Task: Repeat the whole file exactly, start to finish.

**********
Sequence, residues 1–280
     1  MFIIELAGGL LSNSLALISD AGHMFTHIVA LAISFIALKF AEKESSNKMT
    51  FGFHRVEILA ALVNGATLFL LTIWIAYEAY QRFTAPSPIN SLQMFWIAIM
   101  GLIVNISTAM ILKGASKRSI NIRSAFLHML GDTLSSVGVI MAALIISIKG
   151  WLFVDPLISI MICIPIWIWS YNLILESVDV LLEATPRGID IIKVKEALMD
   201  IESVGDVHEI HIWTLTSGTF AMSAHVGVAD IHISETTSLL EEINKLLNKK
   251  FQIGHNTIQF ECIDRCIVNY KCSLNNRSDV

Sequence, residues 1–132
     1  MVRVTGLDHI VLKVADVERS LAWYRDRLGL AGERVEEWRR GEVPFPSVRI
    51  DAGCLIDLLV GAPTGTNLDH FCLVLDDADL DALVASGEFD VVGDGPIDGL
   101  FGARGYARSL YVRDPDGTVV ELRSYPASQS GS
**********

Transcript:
Sequence, residues 1–280
     1  MFIIELAGGL LSNSLALISD AGHMFTHIVA LAISFIALKF AEKESSNKMT
    51  FGFHRVEILA ALVNGATLFL LTIWIAYEAY QRFTAPSPIN SLQMFWIAIM
   101  GLIVNISTAM ILKGASKRSI NIRSAFLHML GDTLSSVGVI MAALIISIKG
   151  WLFVDPLISI MICIPIWIWS YNLILESVDV LLEATPRGID IIKVKEALMD
   201  IESVGDVHEI HIWTLTSGTF AMSAHVGVAD IHISETTSLL EEINKLLNKK
   251  FQIGHNTIQF ECIDRCIVNY KCSLNNRSDV

Sequence, residues 1–132
     1  MVRVTGLDHI VLKVADVERS LAWYRDRLGL AGERVEEWRR GEVPFPSVRI
    51  DAGCLIDLLV GAPTGTNLDH FCLVLDDADL DALVASGEFD VVGDGPIDGL
   101  FGARGYARSL YVRDPDGTVV ELRSYPASQS GS